I guess the first order of business here is that I'm not so sure the Penguins will get that many more shots on the Sharks than any of the team's they've faced so far. That being said, I've been very happy with what Jones has done this postseason, especially at even strength. He likely won't be the reason San Jose wins this series, but I doubt he'll be the reason the Sharks lose it, either.

Perhaps I phrased the question wrong, I don't expect the Pens to get 35 shots per game, but Jake's perspective leads me to believe he doubts the power of the Pens attack. We'll see who's closer to right but I'm definitely expecting Pittsburgh to get 30+ shots on goal on most nights, as they have made a habit under Mike Sullivan.

***

#4 - Speaking of under-rated, Marc-Edouard Vlasic has been a shutdown beast, talk about his playoff so far, and if you had to guess, who do they match him up with (Crosby line, Malkin line, or HBK line)? And that would primarily leave Martin/Burns for the other top line, correct?

My guess is that Vlasic will be hard-matched against Sidney Crosby. It's possible (likely, even?) that the Pavelski line will also be out against Crosby, leaving the Couture line to handle the Malkin line. The Sharks played Patrick Marleau on the second line in the Conference Finals, but I wouldn't be surprised to see him drop down to the third line to try to soak up some of the HBK line's pressure.

It will be very interesting to see if the Sharks alter their lineup to try and match the talent-spread that Pittsburgh has going on.

***


#5 - The Sharks have a lot of star power and top players pulling their weight, but aside from the obvious who has been an unexpected hero? Like a guy not in a scoring line/PP role that's done better than anticipated?

Chris Tierney has really impressed me over the past several games. He's done a great job on both ends of the ice and in particular I've liked his defensive game. He's a decent skater and helps keep things together until the top lines can get back on the ice.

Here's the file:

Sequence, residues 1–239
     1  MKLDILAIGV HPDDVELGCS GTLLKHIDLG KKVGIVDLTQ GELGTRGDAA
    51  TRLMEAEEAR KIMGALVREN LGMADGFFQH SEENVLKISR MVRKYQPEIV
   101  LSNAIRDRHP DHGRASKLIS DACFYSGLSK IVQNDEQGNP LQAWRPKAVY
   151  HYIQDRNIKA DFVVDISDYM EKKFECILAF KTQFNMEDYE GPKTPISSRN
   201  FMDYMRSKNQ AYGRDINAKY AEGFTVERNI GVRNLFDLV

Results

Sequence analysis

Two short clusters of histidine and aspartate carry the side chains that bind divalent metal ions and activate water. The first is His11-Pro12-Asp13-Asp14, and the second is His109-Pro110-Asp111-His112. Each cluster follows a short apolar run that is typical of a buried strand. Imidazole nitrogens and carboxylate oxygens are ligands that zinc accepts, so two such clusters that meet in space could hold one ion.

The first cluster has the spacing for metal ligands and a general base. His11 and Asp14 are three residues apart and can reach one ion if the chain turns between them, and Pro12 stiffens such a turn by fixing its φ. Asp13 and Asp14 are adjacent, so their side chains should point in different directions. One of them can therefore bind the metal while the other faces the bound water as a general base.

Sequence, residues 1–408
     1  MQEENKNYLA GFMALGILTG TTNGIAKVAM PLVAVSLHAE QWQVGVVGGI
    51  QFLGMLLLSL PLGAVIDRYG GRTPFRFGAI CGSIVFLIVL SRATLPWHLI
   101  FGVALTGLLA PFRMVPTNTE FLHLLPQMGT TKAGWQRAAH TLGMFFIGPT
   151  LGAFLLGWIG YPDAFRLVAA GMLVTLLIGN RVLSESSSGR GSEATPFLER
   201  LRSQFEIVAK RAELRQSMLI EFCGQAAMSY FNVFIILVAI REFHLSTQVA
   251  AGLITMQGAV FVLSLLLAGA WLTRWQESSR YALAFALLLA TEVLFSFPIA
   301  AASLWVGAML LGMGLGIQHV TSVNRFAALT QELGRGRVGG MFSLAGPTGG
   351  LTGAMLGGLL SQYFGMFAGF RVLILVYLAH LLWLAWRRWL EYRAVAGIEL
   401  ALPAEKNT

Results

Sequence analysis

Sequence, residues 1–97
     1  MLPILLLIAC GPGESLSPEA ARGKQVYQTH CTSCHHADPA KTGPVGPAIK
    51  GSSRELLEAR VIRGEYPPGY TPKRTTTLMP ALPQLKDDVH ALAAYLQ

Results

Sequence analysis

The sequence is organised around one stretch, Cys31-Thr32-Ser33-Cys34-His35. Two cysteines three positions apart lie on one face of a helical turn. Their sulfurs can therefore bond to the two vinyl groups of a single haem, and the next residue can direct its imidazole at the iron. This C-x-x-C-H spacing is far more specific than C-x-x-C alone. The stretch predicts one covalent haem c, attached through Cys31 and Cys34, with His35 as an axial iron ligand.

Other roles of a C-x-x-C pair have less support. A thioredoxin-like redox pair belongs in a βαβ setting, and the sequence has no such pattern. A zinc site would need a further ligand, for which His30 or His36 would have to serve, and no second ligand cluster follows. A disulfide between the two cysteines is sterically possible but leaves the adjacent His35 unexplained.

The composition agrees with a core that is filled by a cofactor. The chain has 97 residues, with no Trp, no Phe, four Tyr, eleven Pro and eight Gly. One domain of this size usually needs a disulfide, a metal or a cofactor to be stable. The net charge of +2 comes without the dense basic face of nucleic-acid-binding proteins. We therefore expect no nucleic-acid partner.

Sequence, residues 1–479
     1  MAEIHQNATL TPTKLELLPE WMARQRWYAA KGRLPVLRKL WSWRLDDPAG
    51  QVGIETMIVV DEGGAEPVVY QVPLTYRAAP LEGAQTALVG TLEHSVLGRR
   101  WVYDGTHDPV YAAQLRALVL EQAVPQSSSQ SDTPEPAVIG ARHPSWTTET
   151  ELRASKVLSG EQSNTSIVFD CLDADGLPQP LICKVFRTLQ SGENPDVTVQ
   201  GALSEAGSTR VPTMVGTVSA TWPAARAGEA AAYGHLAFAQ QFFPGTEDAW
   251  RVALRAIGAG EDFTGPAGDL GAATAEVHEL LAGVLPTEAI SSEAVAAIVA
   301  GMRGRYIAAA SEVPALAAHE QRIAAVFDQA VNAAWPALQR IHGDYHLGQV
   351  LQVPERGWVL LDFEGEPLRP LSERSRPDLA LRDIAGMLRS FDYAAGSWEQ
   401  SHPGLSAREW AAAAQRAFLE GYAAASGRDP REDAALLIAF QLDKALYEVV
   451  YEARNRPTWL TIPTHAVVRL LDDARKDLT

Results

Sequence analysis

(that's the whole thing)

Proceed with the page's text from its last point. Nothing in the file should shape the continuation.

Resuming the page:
The 21-year old Tierney has 7 points (5g+2a) in 18 games in this playoff run. He seems like their Matt Cullen in terms of being a productive lower-line center, only Tierney is at the very beginning of his career.

***
#6 - I mentioned him earlier, and we all love him so could you talk about the season (and playoff) that Paul Martin has had in his first year out in San Jose? Hopefully you guys are enjoying him and treating him as well as Pens fans did.

Paul Martin has been quietly spectacular for the Sharks this season. He and Burns are as good a pairing as Martin-Letang was for the Penguins. This postseason Martin has played well, though if I had to guess I'd say he might be a little banged up based on his play in the Conference Finals. Hopefully I'm imagining things, because the Sharks are a much better team with him on the ice.

Martin, now 35, did look a little slow to my eye in the Western Conference Final, but I couldn't tell if he had slowed or his teammates were just playing so fast. He's still got his positional ability and great stick to contend with, but it will be worth watching to see how he fares. And he'll have 5 days in between series, so that could be better.

***

Thanks to Fear The Fin and we hope everyone pops over there to check out their coverage of the series, including some very interesting questions they asked me about the Penguins!